[1] Geoffrey E Hinton, Simon Osindero, and Yee-Whye Teh. A fast learning algorithm for deep beliefnets. Neural computation , 18(7):1527–1554, 2006.

  • Tutorial 2: Yukiyasu Kamitani (Kyoto Univ.)
  • Brain-DNN Homology and its Applications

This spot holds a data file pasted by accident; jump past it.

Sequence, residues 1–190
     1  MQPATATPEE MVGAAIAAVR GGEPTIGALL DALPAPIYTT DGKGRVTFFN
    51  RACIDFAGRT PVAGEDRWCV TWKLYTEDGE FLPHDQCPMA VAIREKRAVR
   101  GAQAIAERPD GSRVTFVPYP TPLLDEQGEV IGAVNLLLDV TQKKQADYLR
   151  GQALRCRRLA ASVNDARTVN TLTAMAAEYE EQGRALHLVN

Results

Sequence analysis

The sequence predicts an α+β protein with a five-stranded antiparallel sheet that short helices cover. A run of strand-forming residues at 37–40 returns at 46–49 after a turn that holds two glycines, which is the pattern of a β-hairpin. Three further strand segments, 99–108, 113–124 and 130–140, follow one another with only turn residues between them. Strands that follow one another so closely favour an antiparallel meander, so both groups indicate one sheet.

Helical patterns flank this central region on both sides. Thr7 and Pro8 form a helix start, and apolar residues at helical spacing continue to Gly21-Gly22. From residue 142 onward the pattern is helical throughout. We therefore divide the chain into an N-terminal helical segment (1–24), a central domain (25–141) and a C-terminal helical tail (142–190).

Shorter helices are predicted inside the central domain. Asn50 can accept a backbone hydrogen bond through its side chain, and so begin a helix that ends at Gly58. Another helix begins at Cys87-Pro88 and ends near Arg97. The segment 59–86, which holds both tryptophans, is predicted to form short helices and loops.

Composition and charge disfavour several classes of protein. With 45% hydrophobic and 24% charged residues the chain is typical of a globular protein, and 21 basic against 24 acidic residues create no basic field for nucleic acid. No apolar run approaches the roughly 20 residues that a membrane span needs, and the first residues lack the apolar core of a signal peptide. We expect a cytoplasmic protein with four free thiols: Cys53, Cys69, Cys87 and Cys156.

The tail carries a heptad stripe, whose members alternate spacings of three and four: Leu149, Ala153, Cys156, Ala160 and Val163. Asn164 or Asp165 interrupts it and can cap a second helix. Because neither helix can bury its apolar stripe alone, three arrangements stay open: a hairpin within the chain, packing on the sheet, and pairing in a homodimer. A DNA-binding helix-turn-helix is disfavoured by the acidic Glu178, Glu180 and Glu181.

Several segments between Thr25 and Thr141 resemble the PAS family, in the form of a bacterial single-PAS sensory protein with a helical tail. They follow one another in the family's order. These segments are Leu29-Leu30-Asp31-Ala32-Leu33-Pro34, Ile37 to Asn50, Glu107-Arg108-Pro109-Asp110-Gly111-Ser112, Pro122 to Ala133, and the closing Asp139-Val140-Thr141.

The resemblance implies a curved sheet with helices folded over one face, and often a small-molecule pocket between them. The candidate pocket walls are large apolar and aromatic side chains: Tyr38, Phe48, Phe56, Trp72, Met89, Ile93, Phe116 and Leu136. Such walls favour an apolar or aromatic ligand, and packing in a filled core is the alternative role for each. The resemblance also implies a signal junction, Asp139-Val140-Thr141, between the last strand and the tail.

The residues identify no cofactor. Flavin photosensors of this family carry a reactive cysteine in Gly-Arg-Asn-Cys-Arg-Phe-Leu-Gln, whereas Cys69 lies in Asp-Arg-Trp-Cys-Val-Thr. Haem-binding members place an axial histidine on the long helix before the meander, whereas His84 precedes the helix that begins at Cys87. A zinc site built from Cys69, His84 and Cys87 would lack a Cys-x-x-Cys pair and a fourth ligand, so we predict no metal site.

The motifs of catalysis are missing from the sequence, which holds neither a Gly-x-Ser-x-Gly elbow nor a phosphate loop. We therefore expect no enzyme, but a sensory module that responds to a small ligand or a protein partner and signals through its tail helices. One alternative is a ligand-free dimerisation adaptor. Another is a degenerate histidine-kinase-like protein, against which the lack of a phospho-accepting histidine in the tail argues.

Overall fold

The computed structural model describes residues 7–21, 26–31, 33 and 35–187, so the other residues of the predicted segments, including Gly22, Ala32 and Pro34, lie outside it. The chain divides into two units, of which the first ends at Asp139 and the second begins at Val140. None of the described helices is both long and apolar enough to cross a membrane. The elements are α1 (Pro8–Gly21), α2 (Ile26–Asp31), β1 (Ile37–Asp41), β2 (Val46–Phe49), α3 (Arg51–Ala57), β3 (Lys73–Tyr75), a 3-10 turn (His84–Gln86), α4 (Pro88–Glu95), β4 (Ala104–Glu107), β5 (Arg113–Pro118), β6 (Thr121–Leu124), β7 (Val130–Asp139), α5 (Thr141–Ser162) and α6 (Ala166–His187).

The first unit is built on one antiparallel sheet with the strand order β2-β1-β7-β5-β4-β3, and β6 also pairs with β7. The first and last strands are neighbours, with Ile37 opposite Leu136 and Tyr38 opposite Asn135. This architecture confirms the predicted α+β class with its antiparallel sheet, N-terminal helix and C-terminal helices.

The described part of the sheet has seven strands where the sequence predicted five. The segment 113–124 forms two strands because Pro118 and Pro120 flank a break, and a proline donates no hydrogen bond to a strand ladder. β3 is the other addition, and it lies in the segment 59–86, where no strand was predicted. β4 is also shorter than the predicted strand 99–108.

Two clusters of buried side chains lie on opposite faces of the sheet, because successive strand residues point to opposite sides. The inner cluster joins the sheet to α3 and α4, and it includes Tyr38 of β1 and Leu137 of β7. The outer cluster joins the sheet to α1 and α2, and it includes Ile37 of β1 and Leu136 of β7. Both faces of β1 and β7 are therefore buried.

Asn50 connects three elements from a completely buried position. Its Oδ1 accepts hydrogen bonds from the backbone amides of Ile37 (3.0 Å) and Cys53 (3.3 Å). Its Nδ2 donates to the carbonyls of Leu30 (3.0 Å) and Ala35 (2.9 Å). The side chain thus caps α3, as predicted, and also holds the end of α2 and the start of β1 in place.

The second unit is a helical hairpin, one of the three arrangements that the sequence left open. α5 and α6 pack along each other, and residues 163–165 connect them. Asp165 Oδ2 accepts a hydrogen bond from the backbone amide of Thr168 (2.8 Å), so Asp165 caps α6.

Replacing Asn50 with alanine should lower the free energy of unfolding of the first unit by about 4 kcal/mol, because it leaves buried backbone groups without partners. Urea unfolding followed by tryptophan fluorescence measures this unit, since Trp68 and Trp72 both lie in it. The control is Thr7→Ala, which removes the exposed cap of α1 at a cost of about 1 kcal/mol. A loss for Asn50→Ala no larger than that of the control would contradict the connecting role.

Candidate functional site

Abstract: Deep neural networks (DNNs) are computational models inspired by the functions of neurons and synapses of the brain. They have been studied as general-purpose machine learning models apart from neuroscience research. However, recent studies have recast the understanding of the relationship between the brain and DNNs. In image recognition using a DNN, for instance, by optimizing the hierarchical network composed of convolutional and nonlinear computation using large scale image data, features having different levels of complexity are automatically extracted at each DNN layer. Recent work has revealed that these features can be quantitatively correlated with characteristic representations found in monkey and human visual cortex. Our group focuses on the homology between the brain and DNNs from the viewpoint of decoding, and aims to elucidate neural representations of visual and internal imagery. In this presentation, I give a general overview of how DNNs are “inspired” by the brain and neurons in computational terms, and then explains methods for analyzing information representations at each DNN unit learned via the training with large scale natural image data. Based on these, I show how to convert human brain activity into a DNN signal pattern and then into an image, which is a reconstruction of a stimulus or an internal imagery.